Animal models are frequently used to generate and test hypotheses about amnesia resulting from electroconvulsive therapy (ECT). Although many predictors of ECT-induced amnesia are known, their relative effects have been inadequately researched in the context of the animal models.
We sought to determine the relative retrograde amnestic effects of electroconvulsive shock (ECS) stimulus intensity (dose) and number on strong memories in rats. We also sought to identify dose-dependent ceiling amnestic effects, if any.
Adult rats (n = 144) were overtrained in a passive avoidance task using a step down apparatus. The rats were then randomized in a factorial design to receive one, two, or three once-daily bilateral ECS at 0-mC (sham ECS), 30-mC, 60-mC, 120-mC, or 180-mC doses. Recall of the pre-ECS training was assessed 1 day after the last ECS.
Retrograde amnesia was observed only in rats that received 3 ECS; dose-dependent amnestic effects did not emerge. Higher stimulus intensity was associated with a small (13%) but significant increase in motor seizure duration, but only at the first ECS; stimulus intensity did not influence the attenuation of seizure duration across repeated occasions of ECS.
With bilateral ECS, the number of ECSs administered is a more important variable than the ECS dose in weakening a strong, recently acquired, noxious memory; this finding may have important clinical implications. Higher stimulus intensity marginally increases motor seizure duration at the first ECS but does not influence the decrease in seizure duration across repeated ECSs.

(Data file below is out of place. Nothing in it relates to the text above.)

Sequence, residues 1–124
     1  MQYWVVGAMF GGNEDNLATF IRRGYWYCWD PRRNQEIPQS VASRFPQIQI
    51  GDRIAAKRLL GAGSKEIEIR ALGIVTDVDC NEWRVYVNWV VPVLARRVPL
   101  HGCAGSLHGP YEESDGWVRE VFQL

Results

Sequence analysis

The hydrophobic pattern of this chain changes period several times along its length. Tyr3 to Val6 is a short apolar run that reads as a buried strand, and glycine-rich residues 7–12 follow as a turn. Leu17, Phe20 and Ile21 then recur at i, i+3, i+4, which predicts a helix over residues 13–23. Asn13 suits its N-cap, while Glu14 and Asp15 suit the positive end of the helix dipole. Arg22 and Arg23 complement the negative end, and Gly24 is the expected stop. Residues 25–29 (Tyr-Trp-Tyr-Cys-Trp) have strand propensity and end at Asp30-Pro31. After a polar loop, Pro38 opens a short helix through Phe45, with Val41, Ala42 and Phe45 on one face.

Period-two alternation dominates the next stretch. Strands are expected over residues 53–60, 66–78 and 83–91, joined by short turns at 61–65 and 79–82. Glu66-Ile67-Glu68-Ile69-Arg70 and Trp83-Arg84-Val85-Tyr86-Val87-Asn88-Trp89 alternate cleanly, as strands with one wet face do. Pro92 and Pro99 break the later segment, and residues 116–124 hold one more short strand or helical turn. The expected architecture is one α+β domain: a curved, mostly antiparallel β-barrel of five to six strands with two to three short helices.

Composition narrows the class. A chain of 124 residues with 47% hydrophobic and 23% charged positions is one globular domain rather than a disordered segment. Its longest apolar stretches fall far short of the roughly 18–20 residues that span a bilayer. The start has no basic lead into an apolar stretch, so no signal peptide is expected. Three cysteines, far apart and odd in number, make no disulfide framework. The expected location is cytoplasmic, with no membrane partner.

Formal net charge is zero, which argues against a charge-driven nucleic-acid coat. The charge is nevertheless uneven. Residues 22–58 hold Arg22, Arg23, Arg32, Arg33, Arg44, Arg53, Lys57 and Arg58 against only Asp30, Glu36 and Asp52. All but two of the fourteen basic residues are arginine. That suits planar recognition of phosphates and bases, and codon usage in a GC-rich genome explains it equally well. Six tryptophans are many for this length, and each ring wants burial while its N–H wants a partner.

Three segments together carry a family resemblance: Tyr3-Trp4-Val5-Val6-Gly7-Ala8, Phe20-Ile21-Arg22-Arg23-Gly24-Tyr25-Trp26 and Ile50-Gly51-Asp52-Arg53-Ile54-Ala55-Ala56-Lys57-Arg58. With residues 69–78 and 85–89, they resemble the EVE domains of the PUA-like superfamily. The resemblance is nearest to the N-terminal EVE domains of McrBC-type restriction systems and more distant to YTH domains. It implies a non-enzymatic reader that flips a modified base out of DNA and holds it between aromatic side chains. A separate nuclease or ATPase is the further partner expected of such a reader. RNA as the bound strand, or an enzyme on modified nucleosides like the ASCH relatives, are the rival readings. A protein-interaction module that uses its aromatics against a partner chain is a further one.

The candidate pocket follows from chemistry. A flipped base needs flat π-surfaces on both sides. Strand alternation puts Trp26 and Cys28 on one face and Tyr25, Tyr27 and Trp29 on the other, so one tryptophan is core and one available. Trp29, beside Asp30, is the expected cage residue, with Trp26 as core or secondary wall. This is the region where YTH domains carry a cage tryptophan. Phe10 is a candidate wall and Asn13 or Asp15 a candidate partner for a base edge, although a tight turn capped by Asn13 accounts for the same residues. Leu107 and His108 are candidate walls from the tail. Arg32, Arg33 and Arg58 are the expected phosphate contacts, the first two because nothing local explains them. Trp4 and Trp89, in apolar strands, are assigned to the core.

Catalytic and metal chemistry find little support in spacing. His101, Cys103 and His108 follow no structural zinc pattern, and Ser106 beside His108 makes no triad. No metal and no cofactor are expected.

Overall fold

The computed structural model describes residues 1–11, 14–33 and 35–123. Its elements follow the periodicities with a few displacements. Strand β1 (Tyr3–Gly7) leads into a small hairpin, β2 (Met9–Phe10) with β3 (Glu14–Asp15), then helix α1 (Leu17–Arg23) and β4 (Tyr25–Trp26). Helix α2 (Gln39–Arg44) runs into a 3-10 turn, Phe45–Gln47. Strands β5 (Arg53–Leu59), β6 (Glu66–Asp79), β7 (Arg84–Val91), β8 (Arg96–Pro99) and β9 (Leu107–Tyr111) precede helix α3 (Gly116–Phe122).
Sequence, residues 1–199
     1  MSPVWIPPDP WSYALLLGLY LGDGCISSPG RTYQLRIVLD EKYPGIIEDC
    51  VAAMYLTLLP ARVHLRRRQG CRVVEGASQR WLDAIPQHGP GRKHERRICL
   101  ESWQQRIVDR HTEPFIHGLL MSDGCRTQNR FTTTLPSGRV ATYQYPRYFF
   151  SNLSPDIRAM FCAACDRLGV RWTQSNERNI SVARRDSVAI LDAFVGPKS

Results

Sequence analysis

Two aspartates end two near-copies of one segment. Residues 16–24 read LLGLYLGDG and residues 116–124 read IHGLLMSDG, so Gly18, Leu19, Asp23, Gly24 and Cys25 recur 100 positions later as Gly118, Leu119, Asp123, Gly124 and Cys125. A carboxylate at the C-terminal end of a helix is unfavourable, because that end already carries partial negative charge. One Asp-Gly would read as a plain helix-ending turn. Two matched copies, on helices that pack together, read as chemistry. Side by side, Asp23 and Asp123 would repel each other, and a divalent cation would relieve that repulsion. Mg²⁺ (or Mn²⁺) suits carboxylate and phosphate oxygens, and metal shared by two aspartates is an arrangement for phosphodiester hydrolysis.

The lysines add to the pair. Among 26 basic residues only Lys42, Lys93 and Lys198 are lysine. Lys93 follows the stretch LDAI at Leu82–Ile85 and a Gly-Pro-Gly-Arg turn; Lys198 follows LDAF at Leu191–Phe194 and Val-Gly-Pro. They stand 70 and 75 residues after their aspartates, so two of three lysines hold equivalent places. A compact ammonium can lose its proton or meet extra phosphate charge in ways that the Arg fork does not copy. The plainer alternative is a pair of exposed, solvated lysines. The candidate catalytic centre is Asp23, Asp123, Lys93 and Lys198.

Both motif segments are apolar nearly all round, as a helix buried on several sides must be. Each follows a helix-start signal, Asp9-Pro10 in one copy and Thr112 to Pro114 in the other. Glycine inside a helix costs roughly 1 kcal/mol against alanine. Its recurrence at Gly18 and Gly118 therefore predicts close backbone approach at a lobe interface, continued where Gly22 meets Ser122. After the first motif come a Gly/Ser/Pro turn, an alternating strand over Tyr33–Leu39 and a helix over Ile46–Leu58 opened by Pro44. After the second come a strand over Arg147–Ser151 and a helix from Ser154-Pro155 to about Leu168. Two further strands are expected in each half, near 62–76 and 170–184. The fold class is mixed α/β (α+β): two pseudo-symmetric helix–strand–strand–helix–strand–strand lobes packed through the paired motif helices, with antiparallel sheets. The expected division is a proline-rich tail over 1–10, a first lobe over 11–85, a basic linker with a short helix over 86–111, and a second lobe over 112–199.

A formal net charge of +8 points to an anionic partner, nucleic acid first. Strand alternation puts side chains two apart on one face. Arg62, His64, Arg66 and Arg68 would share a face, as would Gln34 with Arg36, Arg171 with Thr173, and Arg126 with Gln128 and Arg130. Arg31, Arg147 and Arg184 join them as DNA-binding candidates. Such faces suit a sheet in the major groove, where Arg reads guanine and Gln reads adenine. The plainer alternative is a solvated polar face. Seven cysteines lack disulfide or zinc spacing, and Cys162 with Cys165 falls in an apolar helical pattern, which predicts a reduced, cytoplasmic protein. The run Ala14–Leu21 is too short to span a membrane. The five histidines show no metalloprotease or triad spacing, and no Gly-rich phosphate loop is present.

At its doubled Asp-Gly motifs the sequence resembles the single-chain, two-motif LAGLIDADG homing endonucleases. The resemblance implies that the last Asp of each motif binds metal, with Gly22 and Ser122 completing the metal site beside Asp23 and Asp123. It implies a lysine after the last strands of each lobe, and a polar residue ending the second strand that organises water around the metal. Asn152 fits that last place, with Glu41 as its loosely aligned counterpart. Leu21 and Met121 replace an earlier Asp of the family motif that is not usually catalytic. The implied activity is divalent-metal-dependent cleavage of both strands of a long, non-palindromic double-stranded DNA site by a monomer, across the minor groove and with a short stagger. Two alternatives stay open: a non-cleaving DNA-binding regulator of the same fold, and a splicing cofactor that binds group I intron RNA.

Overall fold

*Department of Psychopharmacology and ∥Central Animal Research Facility, National Institute of Mental Health and Neurosciences; †Oxford Institute of Pharmacy; and ‡Visveswarapura Institute of Pharmaceutical Sciences, Bangalore, India; and §Liaison Psychiatry Mental Heath Unit, Royal Victoria Infirmary, Newcastle-upon-Tyne, United Kingdom
Received April 30, 2002; accepted September 16, 2002.
Address correspondence and reprint requests to Chittaranjan Andrade, M.D., Department of Psychopharmacology, NIMHANS, Bangalore 560 029, India. E-mail: firstname.lastname@example.org or email@example.com